Drake’s Apollo Theater Show Traced the Storied History of Harlem Hip-Hop

Performing back-to-back shows at the historic venue, Drizzy looked back to those who laid the foundation for rap culture today.

Music 
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The legacy of the famed Apollo Theater sets a high standard for even the most accomplished artists of the streaming age. The Apollo was erected in 1913 as a “whites-only” venue before the theater was purchased by Sidney S Cohen in the 1930s. Cohen, a prominent landlord of theaters throughout New York City, decided it would be dedicated specifically to platforming Black artists and providing entertainment to Black patrons at a time when the majority of venues in the U.S. were racially segregated.

Then, at the peak of New York’s Jazz Age, the Harlem theater soon established itself as a catalyst for then-emerging jazz musicians like Ella Fitzgerald, Luther Vandross and Thelma Carpenter. And in the decades since, the Apollo Theater’s legacy has only continued to innovate and affirm its legendary status. Duke Ellington graced the stage alongside his jazz orchestra in 1945. Jimi Hendrix began his career after winning first place in the Apollo’s amateur musician contest in 1964. Just three years later, the Jackson 5 would go on to win the same contest, and in 2002, the Apollo hosted Michael Jackson’s last on-stage performance during his lifetime.

Unlike the aforementioned artists, Drake’s back-to-back performances at the Apollo this past weekend in partnership with Sirius XM occurred at what could be considered the pinnacle of his career. It begs the question: why hold a concert at a theater with a capacity of no more than 1,500 people when you typically sell out stadiums? Over the course of the event, the answer became increasingly clear as Drake delivered an intimate and extensive show of 41 tracks spanning his discography and saluting Harlem’s influence on hip-hop.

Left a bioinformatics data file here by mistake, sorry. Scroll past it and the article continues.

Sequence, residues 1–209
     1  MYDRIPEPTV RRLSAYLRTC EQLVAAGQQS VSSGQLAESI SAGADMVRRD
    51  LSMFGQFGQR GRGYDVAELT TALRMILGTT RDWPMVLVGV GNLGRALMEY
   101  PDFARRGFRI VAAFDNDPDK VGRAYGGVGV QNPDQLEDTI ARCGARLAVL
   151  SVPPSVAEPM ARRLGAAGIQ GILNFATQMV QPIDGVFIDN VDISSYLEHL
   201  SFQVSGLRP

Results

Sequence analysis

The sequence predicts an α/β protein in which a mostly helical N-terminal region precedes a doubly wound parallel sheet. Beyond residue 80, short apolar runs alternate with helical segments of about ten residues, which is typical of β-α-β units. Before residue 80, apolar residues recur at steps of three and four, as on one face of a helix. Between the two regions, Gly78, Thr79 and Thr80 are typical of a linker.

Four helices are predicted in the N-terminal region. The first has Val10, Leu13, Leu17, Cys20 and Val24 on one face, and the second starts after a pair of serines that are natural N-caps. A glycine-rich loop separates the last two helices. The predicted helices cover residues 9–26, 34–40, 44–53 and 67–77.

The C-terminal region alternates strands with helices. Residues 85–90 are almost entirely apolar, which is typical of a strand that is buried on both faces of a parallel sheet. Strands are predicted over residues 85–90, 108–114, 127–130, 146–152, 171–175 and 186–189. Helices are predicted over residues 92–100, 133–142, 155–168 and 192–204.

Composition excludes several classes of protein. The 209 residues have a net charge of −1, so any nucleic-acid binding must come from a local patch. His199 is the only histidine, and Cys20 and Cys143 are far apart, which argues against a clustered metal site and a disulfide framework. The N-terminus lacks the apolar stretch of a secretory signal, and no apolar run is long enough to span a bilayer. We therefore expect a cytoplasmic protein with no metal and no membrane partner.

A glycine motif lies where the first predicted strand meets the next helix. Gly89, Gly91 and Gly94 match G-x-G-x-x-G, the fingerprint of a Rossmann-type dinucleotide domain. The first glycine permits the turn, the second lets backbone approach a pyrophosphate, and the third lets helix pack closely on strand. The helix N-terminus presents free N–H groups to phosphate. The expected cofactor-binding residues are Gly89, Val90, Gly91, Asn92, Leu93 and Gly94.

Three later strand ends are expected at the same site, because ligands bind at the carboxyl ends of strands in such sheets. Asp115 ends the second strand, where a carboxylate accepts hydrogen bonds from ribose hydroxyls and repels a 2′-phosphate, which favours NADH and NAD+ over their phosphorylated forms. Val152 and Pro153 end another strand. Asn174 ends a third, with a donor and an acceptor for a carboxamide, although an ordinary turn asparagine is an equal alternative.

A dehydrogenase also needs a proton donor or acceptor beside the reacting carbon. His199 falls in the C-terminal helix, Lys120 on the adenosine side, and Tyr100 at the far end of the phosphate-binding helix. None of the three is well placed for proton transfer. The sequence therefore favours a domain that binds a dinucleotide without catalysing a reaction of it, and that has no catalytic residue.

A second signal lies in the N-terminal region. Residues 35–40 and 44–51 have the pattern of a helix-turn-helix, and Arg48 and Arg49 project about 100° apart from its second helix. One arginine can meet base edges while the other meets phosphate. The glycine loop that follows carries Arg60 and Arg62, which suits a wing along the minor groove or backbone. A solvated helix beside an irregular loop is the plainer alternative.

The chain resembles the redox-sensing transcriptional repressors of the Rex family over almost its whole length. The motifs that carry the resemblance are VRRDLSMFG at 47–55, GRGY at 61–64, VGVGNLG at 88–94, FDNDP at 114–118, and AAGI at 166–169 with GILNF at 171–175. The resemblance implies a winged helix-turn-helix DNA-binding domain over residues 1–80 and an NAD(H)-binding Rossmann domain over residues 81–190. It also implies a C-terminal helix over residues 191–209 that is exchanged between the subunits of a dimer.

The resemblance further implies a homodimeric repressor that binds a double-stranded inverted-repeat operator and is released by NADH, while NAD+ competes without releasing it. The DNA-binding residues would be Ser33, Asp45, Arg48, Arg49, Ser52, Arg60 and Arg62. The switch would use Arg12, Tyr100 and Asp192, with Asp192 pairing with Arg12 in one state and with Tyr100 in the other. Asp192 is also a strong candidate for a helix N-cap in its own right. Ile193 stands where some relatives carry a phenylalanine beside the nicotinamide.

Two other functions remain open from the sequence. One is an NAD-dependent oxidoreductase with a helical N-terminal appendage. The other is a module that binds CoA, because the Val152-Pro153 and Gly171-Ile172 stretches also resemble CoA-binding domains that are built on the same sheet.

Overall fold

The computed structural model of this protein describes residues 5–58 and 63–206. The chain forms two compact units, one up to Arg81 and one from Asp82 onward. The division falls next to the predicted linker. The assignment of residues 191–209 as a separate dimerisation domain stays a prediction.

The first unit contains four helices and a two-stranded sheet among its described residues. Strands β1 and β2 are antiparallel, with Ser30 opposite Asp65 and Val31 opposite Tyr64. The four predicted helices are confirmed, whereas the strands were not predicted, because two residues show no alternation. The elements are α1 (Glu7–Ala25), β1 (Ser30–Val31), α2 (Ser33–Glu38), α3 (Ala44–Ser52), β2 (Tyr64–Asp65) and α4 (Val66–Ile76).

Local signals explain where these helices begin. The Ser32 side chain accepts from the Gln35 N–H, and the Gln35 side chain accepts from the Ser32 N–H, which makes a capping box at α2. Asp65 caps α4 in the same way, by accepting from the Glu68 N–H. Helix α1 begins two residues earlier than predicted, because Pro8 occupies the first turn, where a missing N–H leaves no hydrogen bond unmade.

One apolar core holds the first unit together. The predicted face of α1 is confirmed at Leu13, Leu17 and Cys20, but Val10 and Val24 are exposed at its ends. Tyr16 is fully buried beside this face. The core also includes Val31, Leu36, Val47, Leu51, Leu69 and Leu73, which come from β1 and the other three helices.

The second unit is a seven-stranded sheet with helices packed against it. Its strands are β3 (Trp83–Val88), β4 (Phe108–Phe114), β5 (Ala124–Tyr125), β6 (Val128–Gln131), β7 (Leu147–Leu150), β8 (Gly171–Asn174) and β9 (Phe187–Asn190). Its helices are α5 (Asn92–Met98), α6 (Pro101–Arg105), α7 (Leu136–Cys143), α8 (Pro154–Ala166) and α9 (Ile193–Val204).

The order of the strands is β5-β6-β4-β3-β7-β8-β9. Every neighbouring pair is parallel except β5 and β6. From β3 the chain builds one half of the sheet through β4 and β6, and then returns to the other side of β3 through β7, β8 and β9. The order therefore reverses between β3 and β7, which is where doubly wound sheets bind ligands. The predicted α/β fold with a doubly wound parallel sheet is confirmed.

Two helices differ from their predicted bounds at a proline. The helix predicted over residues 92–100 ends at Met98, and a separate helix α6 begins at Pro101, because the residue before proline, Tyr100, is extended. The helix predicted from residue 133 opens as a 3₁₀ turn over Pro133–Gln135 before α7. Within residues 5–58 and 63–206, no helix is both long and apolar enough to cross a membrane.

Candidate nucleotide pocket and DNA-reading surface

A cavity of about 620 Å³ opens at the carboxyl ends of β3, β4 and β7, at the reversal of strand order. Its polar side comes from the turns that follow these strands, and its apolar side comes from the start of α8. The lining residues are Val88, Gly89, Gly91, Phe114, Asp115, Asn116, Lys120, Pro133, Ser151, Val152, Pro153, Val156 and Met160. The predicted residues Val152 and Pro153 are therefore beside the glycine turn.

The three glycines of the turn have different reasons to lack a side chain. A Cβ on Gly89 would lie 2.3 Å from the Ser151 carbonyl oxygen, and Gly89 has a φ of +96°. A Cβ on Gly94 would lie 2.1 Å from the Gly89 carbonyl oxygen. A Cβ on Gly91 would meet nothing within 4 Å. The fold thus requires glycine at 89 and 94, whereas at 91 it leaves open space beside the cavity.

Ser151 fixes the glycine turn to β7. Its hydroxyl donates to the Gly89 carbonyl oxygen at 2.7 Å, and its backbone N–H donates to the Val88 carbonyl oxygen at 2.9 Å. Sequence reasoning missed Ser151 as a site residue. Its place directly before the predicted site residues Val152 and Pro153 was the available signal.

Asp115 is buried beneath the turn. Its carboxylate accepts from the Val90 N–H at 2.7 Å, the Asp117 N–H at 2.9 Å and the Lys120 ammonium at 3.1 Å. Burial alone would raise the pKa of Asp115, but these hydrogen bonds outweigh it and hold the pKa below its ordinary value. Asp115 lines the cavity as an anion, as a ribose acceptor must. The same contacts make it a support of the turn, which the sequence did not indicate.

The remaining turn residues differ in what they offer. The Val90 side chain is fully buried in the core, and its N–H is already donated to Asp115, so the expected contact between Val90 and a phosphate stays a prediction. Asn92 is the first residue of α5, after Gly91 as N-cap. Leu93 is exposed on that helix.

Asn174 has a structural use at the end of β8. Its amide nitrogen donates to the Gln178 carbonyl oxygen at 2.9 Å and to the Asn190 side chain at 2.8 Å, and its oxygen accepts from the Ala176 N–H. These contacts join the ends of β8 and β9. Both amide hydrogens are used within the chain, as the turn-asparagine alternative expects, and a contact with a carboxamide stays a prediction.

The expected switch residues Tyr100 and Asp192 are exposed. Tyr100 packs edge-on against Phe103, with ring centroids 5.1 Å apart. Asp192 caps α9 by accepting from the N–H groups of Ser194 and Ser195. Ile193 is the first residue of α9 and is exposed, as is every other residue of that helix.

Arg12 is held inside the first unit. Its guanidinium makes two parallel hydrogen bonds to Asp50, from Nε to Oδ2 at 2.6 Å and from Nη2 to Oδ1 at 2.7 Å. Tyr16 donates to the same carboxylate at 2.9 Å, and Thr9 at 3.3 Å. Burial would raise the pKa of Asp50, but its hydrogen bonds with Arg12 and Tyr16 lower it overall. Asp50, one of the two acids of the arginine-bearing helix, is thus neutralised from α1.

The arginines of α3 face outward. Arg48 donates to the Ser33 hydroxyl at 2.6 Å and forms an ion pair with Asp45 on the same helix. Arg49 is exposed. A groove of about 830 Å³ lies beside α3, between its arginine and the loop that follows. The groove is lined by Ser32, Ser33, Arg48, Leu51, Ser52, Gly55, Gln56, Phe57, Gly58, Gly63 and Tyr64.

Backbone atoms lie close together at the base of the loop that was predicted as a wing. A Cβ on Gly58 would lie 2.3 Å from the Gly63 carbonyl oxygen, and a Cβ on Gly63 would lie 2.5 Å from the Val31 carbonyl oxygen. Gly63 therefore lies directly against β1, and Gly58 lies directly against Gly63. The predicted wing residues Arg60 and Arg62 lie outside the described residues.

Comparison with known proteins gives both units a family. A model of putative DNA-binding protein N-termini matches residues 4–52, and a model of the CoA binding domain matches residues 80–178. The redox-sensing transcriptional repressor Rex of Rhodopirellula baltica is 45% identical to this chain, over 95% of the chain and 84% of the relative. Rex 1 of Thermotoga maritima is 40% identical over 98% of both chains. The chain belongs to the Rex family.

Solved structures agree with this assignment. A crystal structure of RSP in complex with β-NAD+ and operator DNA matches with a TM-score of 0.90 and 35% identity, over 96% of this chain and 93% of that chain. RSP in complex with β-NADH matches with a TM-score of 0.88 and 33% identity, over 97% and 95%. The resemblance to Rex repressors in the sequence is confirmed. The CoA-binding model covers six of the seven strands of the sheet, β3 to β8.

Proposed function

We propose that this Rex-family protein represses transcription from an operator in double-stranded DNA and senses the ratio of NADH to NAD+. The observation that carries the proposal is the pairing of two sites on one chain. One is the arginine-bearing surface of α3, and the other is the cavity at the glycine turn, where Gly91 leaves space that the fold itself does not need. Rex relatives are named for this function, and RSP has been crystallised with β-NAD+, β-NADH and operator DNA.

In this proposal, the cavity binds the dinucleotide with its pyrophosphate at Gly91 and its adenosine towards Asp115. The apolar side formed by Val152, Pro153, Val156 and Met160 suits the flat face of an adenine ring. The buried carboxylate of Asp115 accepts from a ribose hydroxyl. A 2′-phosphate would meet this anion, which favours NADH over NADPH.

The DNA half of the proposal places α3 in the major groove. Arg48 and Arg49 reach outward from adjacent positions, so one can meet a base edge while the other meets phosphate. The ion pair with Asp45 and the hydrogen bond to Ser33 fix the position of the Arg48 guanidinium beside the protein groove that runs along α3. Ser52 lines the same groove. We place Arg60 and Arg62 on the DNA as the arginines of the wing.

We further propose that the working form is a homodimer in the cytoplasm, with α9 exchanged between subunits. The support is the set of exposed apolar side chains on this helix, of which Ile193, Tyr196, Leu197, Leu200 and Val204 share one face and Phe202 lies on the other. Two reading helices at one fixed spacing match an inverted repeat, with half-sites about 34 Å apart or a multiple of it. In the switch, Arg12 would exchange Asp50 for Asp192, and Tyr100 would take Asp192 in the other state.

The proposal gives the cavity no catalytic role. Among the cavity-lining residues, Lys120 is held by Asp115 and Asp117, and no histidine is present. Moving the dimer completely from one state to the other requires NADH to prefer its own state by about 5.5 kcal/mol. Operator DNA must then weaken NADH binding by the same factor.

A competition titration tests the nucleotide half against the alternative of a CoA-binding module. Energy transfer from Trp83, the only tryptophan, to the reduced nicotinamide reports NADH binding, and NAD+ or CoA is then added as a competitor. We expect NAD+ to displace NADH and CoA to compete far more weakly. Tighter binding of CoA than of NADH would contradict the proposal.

“Aubrey, try to keep it down tonight when you’re working,” a voiceover of the rapper’s mother, Sandi, cuts through the crowd’s silent anticipation. Under blue-hued lighting, Drake is situated on a replica of his childhood bed, donning a Degrassi basketball jersey, as delivers the opening lines of Take Care cut “Over My Dead Body.” It quickly became clear that this particular concert wouldn’t see the rapper work his way through the Her Loss tracklist, as some attendees may have expected. Rather, in a refreshing twist, Drake rapped his way through an eclectic mix of B-side cuts such as “Wu-Tang Forever” and “Trust Issues” and fan favorites like “Best I Ever Had,” “Forever,” “Nonstop” and “God’s Plan.” As he made his way through his discography, the setting changed from his childhood bedroom to the makeshift boardroom of a record label.

Lil Uzi Vert made a brief appearance to perform a high-energy rendition of his viral hit “I Just Wanna Rock,” after which Drake gave the rapper his flowers and celebrated their close friendship. “Anytime I feel down, I always get a message from him checking in. Never asking for nothing, just checking,” Drake said onstage with Vert. “So I wanna let you know, if you ever wanna do well and go far in life, you gotta check on your people.” At roughly the halfway point in the evening, a Harlem bodega was set up between songs, from which 21 Savage emerged and the duo dived into a sampling of Her Loss tracks, starting off with “Rich Flex.”

Some attendees may not have been aware of the significance of Drake’s next move but for others, the show’s most culturally significant moment occurred when the rapper brought out all four rappers of the Harlem collective The Diplomats – also known as Dipset – Cam’ron, Jim Jones, Juelz Santana and Freekey Zekey. Drake had spent the past hour and a half charting his own trajectory in the music industry and for the last stretch, he shared the stage with those who had set the tone for rap in the early aughts and influenced Drake from when he was just getting started with his own career in Toronto. Drizzy even paid homage to Cam’ron by donning a replica of the furry pink coat and matching headband that the Harlem rapper went viral in 2003. “These guys right here from Harlem made us dress different, talk different, walk different, rap different — all the way in Canada,” Drake said.

By tapping Dipset to close out the evening with some of their own hits – “I Really Mean It,” “Dipset Anthem” and “We Fly High” – Drake reminded fans that he wouldn’t be performing at the Apollo, or at this stage of his career in general, had it not been for the rappers who paved the way decades prior. To commemorate the moment, Jones, in true rapper fashion, gifted Drake a custom OVO x Dipset chain.

“My dream for doing the Apollo would be to share the stage with these legendary, legendary guys,” Drake said. “First of all, we wouldn’t be here, but we wouldn’t have talked the same, dressed the same, walked the same. You guys influenced me and my brothers so much.”

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